"Ce n'est pas génie, ni gloire, ni amour qui reflète
la grandeur de l'âme humaine; c'est bonté."
Henri-Dominique LacordaireI was writing recently about how recorded history winnows with such extreme vigour that only some of the corn is saved. Even in the current era when 'everything' is available on the internet, it can be hard to find what you want about things that are not tied down. Mountains and islands are all captured on Google Earth as are the scores for soccer matches in La Liga and anything reported in most newspapers over the last, say, 15 years. Celebrities - soccer players; pop stars; mass murderers and minor royalty - are also easy to track down. They have a wikipedia entry and that snap-shot of their lives is re-churned across the blogosphere. For unceleb people you have to fall back on the skills which my mentor employed as a researcher for the New England Historical and Genealogical Society NEHGS: paper ledgers at the Registry of Births, Marriages and Deaths and trunks of papers in somebody's attic. Some of these records are getting digitised: after a fruitless afternoon peering at headstones in a Manchester cemetery a few years ago, we were able to track down The Beloved's grandfather's grave on-line.
I had a proposal: having knocked off the population genetic variation of the cats Felis catus of Ireland, I was now ready to carry out a similar analysis of the cats of the Netherlands . . . and did they know of any pot of money I might tap into to service this venture? Even in 1978, that was a stupendously naive suggestion. van Brink said she didn't think there was any such fund but why didn't I come to dinner that night and we might discuss it further. When I mentioned that I had two dependents downstairs in the car-park she, natuurlijk, told me to bring them too and told me what time we were expected. We ended up spending a week in her home before we found a well-serviced campsite in the forest nearby. Even after a flurry of calls the following day, there was no immediate money for genetical field work, so I applied for, and got, a job in a factory making plastic herring-barrels. The other reason we had washed up in Netherlands was that they had a Hfl.10/hr minimum wage. I was due to start work in the factory the following Monday but more phone calls from van Brink had revealed that Diergaard Blijdorp in Rotterdam needed a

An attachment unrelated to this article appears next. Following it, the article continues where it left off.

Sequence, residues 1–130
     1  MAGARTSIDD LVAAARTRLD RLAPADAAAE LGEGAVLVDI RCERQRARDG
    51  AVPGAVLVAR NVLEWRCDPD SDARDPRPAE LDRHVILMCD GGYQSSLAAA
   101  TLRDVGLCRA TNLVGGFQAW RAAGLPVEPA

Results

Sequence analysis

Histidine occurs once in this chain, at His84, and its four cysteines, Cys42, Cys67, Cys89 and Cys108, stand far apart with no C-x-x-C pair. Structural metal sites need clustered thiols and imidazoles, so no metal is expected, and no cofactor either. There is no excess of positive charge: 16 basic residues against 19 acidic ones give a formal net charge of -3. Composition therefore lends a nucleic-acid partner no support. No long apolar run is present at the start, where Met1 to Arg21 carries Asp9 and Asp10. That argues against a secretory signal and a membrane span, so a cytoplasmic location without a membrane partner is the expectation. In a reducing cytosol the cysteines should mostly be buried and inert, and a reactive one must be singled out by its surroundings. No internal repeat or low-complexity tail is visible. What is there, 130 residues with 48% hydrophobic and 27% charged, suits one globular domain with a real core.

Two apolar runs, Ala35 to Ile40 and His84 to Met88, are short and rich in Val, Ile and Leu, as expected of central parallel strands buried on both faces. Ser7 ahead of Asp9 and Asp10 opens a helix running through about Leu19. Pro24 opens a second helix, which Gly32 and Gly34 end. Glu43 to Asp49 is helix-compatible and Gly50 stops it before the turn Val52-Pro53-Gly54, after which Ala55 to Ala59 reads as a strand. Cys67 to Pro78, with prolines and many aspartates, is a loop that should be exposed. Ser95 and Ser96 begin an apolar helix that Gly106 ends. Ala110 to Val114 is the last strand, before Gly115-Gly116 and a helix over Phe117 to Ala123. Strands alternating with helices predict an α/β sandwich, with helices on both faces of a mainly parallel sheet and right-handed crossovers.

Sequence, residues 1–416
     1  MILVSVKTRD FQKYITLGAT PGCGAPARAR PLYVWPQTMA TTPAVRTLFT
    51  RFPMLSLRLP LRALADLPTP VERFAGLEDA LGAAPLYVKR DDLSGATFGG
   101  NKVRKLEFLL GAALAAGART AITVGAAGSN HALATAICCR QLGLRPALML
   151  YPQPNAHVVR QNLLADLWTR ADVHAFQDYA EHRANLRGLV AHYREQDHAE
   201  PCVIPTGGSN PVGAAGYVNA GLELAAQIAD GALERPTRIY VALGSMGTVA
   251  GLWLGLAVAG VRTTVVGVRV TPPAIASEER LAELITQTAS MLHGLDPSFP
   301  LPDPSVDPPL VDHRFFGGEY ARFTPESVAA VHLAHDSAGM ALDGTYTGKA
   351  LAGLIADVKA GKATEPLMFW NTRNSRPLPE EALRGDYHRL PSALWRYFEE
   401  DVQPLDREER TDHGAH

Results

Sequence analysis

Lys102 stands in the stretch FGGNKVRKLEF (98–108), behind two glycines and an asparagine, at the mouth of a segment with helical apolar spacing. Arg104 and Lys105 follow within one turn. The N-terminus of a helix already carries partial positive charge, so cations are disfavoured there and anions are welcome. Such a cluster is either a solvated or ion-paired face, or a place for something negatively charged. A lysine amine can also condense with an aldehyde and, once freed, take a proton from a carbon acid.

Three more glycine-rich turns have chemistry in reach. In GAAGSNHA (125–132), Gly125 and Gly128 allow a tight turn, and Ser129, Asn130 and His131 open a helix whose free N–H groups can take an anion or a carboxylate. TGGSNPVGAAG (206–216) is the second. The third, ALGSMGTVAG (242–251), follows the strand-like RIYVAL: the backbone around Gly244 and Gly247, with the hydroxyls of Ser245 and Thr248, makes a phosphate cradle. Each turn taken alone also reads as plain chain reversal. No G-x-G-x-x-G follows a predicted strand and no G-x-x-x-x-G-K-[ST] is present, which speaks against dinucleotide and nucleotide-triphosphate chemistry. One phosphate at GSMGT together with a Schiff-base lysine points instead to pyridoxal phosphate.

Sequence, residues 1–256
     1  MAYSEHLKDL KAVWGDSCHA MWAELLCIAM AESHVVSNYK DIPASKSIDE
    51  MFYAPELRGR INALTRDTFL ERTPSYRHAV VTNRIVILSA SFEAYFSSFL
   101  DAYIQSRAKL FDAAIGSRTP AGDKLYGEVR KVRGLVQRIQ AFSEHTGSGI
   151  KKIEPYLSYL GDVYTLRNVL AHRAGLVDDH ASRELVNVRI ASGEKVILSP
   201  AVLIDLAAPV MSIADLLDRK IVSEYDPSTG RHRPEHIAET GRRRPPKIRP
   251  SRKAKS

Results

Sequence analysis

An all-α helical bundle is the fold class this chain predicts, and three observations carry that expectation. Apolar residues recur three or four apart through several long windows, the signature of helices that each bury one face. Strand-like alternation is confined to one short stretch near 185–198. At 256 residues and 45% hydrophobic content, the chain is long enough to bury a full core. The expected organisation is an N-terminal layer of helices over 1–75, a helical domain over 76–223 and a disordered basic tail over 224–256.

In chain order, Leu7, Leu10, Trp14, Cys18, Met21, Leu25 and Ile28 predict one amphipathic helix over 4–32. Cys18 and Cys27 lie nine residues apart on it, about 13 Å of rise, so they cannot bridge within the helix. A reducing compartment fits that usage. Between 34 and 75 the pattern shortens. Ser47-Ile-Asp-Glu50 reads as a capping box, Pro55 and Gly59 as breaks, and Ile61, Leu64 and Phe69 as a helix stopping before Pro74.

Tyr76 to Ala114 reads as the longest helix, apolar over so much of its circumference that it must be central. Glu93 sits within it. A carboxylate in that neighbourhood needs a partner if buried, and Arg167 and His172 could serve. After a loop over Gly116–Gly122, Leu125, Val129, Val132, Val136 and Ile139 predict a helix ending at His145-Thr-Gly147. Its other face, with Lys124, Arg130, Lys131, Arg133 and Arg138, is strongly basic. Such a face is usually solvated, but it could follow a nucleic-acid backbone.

I signed on in Blijdorp the following Monday instead and spent the next seven months feeding fish, pushing a broom and sifting crocodile shit for money. I would never have been able to afford the fees for graduate school if Janny van Brink hadn't adopted me and my caravanserai.
But it's not [except insofar as it's my Blob] about me me me. Janny van Brink's PhD research was in the field of cytogenetics and she was the first person (1959) to get a reliable count of the chromosomes for the echidna = spiny ant-eater = Zaglossus bruijnii. Echidnas are important because they are one of the few species of monotreme - egg-laying - mammals that we have on the planet: there are 3 or 4 different species of echidna and Ornithorhynchus anatinus the duck-billed platypus. The sex-chromosomes are peculiar in monotremes because they don't just have XX vs XY [with pathological variants like XYY and XXY]. Nope: monotremes have their X & Y chromosomes split into a number of different chunks. The sex-chromosomes of birds show that this method of determining sex has evolved at least twice independently. Birds are ZZ or ZW with males being the homogametic ZZ sex and females ZW. It is a wonderful example of good-enough evolution: either way ensures that the sex-ratio is about equal but neither is better than the other: both work.
- Cordulegas vanbrinkae Lohmann 1993
- Coenagrion vanbrinkae Lohmann 1993
- Archaeogomphus vanbrinkae Machado 1994
- Microgomphus jannyae Legrand 1992
- Epigomphus jannyae Belle, 1993